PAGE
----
A family loses their 13-year-old son who one day up and vanishes without a trace…. Over 3 years later they receive a call saying he’s been found in Spain! It’s much to their dismay that the teen in question is in fact, like the title suggests, an imposter. How did they not know that straight off? How true can it all be? And of course, does this documentary do this bizarre story justice? My review after the jump.
In The Imposter Frédéric Bourdin is who we constantly see and hear from throughout – he “narrates” large parts of the film . Bourdin seems charming enough, and importantly he appears strangely calm and down to earth, thus making his accounts of particular stories and facts sound quite accurate. This man is the central character in question, the one who duped a family into believing that he was their blonde hair, blue-eyed son they lost years earlier ago. The ‘bizarre’ part to all this? Frédéric has a Spanish accent thicker than a stereotypical movie Ecuadorian cleaning lady who is only starting to learn English; and he looked just as he sounded…and the family believed it! As the story progresses, we’re introduced to a private detective assigned to the case. He knows the kid’s an imposter, yet this barely scratches the surface as to what’s revealed and what is hinted at by almost everyone involved in this charade. How could this family not see past his scam? How did he convince so many people? What don’t we know about the disappearance of this young boy, and what aren’t the family mentioning?
Writer/director Bart Layton, producer; Dimitri Doganis and editor Andrew Hulme present this story in a somewhat unconventional documentary format. The structure in which these facts are told remains within the confines of documentary film-making and storytelling, yet is told to us, the audience as if The Imposter were a sophisticated thriller. The score, the archival footage and the re-enactments are all given a real sense of time and place, thus making the reveal of each new development in this unpredictable story a very tense. This tension continues to build, it simmers throughout the entire film. The editing in particular reinforces the tension. The film-makers knew they had something special with this uncommonly known, yet absolutely preposterous tale. How could they resist not making The Imposter as gripping as any fictional mystery thriller being produced these days? We’re intrigued and inquisitive the entire time.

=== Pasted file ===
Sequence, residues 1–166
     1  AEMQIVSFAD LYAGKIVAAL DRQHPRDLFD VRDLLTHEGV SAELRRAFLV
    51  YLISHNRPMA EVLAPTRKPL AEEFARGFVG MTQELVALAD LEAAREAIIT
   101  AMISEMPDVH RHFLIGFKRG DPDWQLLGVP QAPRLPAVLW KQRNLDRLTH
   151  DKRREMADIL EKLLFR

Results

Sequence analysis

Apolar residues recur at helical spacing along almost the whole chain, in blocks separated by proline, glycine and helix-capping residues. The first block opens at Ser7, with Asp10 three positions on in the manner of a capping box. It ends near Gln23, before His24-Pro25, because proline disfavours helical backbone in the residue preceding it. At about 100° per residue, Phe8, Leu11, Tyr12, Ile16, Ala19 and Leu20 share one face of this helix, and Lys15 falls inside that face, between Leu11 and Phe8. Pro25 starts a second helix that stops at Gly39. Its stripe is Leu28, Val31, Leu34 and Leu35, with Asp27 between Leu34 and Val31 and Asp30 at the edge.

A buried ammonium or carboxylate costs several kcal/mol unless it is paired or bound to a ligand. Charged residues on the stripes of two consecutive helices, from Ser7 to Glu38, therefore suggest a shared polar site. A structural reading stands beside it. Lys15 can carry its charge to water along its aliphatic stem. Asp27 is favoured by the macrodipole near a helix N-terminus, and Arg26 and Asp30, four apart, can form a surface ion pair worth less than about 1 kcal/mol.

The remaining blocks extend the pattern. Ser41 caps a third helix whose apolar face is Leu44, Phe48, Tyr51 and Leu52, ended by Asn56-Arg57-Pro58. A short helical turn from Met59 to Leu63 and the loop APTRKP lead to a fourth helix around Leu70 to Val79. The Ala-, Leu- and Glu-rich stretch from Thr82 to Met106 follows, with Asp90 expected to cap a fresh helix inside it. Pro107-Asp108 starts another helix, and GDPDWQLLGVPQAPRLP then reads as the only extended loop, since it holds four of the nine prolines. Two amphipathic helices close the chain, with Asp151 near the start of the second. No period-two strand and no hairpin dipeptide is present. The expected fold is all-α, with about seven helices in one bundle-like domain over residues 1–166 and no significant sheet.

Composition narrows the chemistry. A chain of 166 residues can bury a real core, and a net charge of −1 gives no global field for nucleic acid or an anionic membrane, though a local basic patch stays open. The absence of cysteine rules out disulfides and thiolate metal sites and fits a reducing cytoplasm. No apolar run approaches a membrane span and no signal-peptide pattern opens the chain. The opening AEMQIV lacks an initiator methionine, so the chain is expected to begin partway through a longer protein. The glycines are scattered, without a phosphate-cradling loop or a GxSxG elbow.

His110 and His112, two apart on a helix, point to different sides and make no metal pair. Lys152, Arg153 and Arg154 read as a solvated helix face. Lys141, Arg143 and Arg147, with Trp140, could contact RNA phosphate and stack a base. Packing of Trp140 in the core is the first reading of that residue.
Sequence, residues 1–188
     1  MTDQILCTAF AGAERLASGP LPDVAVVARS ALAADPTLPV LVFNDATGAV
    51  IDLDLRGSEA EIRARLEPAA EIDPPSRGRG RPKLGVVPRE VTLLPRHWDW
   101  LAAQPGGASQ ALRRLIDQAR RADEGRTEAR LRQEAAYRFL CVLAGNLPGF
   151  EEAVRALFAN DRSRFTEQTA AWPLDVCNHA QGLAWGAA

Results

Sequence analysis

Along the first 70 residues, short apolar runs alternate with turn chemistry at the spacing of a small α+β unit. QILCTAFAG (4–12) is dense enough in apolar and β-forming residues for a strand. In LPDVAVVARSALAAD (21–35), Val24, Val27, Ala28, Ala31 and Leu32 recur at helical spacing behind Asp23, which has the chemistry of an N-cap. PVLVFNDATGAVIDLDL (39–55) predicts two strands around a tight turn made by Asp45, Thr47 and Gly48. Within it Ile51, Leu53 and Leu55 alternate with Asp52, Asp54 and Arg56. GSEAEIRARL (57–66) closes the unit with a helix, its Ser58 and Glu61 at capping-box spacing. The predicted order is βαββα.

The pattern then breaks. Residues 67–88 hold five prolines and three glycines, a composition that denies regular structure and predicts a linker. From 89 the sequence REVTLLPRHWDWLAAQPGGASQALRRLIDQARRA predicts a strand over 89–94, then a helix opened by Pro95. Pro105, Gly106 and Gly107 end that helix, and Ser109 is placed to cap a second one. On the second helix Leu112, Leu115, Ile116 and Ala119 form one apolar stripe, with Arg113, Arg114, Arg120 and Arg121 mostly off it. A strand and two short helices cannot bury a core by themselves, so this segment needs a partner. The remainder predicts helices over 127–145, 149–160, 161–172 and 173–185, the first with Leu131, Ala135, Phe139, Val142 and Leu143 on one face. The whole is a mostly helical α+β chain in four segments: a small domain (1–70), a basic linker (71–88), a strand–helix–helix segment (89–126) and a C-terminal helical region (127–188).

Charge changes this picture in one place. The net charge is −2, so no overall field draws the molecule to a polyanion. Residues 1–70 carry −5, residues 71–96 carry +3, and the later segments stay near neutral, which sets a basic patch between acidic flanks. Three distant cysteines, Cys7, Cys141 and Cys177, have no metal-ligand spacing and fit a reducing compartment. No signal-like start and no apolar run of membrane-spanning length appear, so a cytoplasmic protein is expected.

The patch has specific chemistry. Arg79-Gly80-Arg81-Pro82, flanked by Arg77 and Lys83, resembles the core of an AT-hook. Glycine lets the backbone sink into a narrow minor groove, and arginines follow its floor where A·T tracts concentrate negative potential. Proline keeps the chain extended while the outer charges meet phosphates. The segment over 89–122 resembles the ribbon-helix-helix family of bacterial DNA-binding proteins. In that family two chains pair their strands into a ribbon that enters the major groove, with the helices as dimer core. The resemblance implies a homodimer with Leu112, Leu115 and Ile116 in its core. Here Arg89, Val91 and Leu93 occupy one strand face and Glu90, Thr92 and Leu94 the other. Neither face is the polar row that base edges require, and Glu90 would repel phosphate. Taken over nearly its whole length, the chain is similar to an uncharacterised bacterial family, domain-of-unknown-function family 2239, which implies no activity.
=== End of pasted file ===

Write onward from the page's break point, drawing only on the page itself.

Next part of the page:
Having said all of this, how does one critique a documentary in terms of narrative? Can only presentation and editing be assessed? What about the story we’re being told, regardless of its truth? The story here, is one that if you were told of what actually happened in person, you’d flat-out refuse the notion that it ever happened. Thankfully the documentary conventions evident throughout remind us that this really is fact, not fiction. But, it’s in those cinematic touches where my problems lie. I struggled to believe some of the more ridiculous turn of events when it resembled a film so closely. It took me out of the story quite a few times and served as distracting rather than continuously rewarding (which it is many enough times). Another gripe I had was with some of the re-enactments. There are moments when they just don’t work, for they’re shot in a way as if we’re watching an episode of ‘Scandal makers’ (see Arrested Development), where you’re almost waiting for an ad break to come on to create a cliff-hanger. At times this boarders on cheap and does nothing to lend credibility to the story.
All quips aside, The Imposter is an incredibly fascinating story that should be told. Like a great film, it raises questions, yet holds your attention till the final credit roll. This is fine documentary film-making that deserves real attention; but don’t be surprised when you find yourself questioning everything you know about the people and their stories.
By Chris Elena
For an another view on the film, check out Sam McCosh’s 5 star mini review of The Imposter from MIFF2012 here.
Director: Bart Layton
Starring: Frédéric Bourdin
Runtime: 99 Minutes
Release Date(s): Australia: February 28, 2013; New Zealand; January 10, 2013